Work reported on composite fabrication via FSP.
The preceding sections of this review article covered the different reinforcement particles used to fabricate AMMC by FSP. It has been established that the FSP is a cutting-edge innovative method for producing metal matrix and surface composites. The ability of FSP to produce component with superior mechanical, structural and functional properties widens the scope for usage of aluminium matrix composites in aviation, marine, automobile and other structural industries. There have been many developments in FSP since its inception to produce metal matrix and surface composites. There is still vast scope for FSP to develop AMMC with different reinforcement particles, which will enhance the mechanical, metallurgical and structural properties. Some of the future research scope of FSP in composite fabrication may be as follows:
The major issue during composite fabrication via FSP is agglomeration of reinforcement particles. Even if the agglomeration problem can be solved by using suitable process parameters and reinforcement strategies (multipass FSP), uniform distribution of reinforcements in single pass FSP is still a cause for concern.
The process of covering the powder filled groove or hole by a pin less FSP tool is time consuming. A new tooling design needs to be developed to eliminate the capping pass step. Additionally, it is also important to minimize the loss of reinforcement particles during FSP.
Direct Friction Stir Processing (DFSP) tool method of introducing reinforcement particles during FSP has the great potential to replace groove or hole methods. The continuous hole within DFSP tool is used to introduce reinforcement particles into the metal matrix and thereby eliminates the pre-FSP sample preparation work (machining and filling of groove/hole, capping pass) of groove/hole method. Further studies on DFSP method can bring it into dominance over other reinforcement strategies.
Further investigation on In-Situ composites, hybrid composites fabrication by FSP can be grey area for future research.
The utilization of piezoelectric ceramic powder as reinforcement and subsequent FSP can enhance the damping capacity of material. The capability of FSP to produce good structural material by using piezoelectric ceramic powder needs to be explored for larger interest.
Future research should focus on the use of AMMC in biomedical applications that require materials which are both lightweight and biocompatible.
More attention is needed on the usage of environment hazardous biowaste, mineral waste, industrial waste, scrap, agricultural waste as reinforcement materials to AMMC.
The synthesis of surface composite over large surface area is hard to achieve by FSP technique, requiring further investigation.
Even though lot of studies have been carried out to explore the use of FSP to fabricate aluminium metal matrix and surface composites at the laboratory level, few aspects like high tooling and processing cost of FSP is hindering the growth of FSP in industrial applications. So, efforts are needed to scale up the FSP to industrial applications.
The current article presented a review of different reinforcements used in the fabrication of aluminium matrix composites using FSP. Reinforcement particles may be preplaced over the aluminium base matrix, or strengthening phases were obtained from the in-situ reaction during material formation. The preplacing of particles over the matrix can be achieved through different methods. Groove and hole method are widely used preplacement methods. Ceramic, metallic and carbonaceous particles are successfully incorporated into the aluminium alloys using FSP. Numerous researchers have reported improvements in mechanical, microstructural and tribological properties of composites fabricated through FSP. In this review article, use of SiC, B4C, TiC, WC, TiB2, ZrB2, TiO2, CeO2, Al2O3, MoS2 and CNT particles have been reported. Inclusion of hard ceramic particles SiC, TiC, B4C helped in enhancing strength and hardness of composites owing to their load bearing nature and activation of different strengthening mechanisms. The excellent ballistic efficiency parameters of TiB2 particle helped in improving ballistic properties of composites along with hardness and wear properties. The solid lubricating nature of Al2O3, MoS2, BN forms tribo film and thereby improves tribological properties of composites. The cathodic inhibitor property of CeO2 helped in fabricating aluminium composites with better resistance to pitting corrosion. Hybrid composites, which are successfully manufactured through the FSP route, also showed property enhancement. Along with reinforcement type, size and volume fraction, other FSP variables like rotational tool speed, tool traverse speed, tool geometry, number of FSP pass and reinforcement strategy have a greater impact on the distribution of reinforcement particles.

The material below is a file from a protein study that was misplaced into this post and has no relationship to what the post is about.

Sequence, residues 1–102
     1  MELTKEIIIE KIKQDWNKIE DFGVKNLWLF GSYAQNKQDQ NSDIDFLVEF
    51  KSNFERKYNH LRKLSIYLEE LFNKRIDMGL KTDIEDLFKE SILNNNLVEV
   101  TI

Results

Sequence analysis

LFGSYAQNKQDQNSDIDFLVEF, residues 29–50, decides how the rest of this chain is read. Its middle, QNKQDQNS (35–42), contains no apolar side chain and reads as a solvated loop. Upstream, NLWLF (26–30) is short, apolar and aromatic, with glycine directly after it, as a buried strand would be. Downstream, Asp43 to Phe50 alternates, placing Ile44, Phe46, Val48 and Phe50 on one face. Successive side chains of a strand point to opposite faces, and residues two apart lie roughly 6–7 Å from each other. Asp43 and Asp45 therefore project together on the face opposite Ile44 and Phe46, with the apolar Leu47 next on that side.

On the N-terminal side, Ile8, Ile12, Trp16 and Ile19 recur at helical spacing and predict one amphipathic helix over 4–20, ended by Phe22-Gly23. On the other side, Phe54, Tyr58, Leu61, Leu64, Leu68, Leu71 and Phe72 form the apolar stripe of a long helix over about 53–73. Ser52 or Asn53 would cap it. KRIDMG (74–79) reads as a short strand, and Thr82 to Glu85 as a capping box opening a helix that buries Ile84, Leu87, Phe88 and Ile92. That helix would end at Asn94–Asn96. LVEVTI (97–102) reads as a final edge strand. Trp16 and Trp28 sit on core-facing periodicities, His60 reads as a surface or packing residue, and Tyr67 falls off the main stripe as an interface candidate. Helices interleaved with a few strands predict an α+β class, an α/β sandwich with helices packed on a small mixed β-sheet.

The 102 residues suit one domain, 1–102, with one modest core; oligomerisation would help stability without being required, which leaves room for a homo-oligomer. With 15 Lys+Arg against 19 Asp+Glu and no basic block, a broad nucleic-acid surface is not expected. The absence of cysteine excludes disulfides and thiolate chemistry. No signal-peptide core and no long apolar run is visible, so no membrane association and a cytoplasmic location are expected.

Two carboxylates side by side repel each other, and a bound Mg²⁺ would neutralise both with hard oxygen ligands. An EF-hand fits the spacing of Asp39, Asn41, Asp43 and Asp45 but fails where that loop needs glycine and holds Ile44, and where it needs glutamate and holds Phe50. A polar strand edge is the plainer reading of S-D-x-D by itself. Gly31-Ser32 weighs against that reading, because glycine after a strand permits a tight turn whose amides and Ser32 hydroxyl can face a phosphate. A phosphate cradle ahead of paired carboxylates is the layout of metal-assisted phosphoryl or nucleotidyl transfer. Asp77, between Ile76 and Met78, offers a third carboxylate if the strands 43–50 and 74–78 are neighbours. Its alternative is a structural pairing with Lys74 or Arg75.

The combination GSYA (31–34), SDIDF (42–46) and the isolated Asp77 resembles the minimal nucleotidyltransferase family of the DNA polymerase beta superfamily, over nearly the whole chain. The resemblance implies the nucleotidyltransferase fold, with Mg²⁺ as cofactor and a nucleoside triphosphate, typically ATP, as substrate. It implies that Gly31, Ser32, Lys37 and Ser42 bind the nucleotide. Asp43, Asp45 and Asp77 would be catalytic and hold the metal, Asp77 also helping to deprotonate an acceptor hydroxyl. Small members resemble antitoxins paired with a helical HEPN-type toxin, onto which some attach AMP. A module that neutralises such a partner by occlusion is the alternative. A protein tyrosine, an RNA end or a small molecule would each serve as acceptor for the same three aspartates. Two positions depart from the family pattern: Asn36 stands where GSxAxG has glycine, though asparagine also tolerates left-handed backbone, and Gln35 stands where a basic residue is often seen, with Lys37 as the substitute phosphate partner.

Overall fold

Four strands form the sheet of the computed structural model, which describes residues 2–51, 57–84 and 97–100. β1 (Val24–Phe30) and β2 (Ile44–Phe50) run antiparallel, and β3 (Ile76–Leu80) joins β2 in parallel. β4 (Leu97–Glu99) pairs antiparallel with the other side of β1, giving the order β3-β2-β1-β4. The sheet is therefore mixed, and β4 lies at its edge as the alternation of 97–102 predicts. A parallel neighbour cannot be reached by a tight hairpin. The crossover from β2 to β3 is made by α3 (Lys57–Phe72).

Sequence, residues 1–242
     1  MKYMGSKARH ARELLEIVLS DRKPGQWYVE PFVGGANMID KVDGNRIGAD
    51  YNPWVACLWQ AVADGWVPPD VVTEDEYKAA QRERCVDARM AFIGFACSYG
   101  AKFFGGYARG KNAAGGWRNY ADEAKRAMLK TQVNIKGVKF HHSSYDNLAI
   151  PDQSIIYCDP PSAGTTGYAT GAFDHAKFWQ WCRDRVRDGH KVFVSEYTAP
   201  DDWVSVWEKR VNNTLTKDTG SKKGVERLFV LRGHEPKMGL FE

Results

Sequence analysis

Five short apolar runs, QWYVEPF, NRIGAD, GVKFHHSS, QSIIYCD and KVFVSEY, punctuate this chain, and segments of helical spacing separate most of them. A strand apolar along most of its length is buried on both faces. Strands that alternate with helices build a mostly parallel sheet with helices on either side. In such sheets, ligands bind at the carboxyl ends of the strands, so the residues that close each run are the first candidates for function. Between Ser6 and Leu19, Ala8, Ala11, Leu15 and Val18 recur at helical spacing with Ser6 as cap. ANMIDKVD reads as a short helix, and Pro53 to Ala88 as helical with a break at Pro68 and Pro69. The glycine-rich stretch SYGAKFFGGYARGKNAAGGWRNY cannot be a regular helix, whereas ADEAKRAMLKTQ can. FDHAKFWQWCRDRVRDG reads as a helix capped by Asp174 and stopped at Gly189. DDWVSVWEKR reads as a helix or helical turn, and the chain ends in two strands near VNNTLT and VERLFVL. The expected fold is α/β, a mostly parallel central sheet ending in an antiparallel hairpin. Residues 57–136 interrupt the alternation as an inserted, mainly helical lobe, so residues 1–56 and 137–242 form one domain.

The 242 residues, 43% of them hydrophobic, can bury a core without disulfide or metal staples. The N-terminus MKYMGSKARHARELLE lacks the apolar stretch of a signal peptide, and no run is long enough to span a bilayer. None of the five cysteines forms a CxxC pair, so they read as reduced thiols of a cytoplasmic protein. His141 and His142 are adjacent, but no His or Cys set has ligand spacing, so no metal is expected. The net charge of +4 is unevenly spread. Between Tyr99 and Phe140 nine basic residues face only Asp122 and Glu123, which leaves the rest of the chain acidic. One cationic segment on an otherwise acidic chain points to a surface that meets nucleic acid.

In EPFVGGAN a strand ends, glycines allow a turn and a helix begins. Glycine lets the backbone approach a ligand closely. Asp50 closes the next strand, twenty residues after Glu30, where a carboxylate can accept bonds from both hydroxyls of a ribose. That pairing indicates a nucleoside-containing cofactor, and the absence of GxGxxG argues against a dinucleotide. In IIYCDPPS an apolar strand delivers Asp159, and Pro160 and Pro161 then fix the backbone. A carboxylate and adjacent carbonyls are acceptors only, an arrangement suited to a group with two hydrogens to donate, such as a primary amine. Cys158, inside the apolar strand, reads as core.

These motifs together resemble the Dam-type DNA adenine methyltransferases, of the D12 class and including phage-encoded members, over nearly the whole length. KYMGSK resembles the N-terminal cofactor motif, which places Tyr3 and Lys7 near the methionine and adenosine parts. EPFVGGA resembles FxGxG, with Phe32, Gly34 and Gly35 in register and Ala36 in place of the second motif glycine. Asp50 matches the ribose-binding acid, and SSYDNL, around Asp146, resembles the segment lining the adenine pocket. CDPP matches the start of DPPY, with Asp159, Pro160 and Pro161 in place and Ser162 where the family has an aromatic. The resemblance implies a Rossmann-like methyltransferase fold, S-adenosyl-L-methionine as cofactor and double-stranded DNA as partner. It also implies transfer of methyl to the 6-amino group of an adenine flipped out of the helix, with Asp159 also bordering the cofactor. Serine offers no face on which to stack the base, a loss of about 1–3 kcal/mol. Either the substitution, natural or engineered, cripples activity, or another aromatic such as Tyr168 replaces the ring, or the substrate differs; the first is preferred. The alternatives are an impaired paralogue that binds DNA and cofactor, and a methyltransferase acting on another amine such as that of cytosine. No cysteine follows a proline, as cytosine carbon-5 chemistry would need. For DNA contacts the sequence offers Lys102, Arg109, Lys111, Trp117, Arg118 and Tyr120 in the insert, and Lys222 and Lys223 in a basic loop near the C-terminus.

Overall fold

Researchers explored the advanced engineering materials like high entropy alloys, shape memory alloys, MAX phase materials and intermetallics as reinforcement particles. Further, industrial and agricultural waste byproducts are also used as reinforcement to bring down the overall cost and to eliminate the disposal problem. The selection of reinforcement for composite fabrication is based on availability, application, cost, and optimum enhancement of properties.
The current review paper examines various reinforcing particles employed in the fabrication of surface composites using the FSP method. This will greatly assist researchers in selecting appropriate reinforcement particles for producing property-enhanced metal matrix composites. The article also encourages researchers to investigate high entropy alloys, shape memory alloys, MAX phase materials, and intermetallics as reinforcement particles, as scope for further research is observed and is gaining importance owing to their excellent compatibility with metal matrix, good interfacial bonding.
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Cite this article as: Karthik Adiga, Mervin A. Herbert, Shrikantha S. Rao, Arunkumar Shettigar, Applications of reinforcement particles in the fabrication of Aluminium Metal Matrix Composites by Friction Stir Processing - A Review, Manufacturing Rev. 9, 26 (2022)
SEM Micrograph of grains after friction stir processing AA1050/TiC composites at 1200 rpm and 300 mm/min .
|In the text|
|In the text|
SEM image of distribution of reinforcements after the third pass in Al5083/CNTs composites .
|In the text|
|In the text|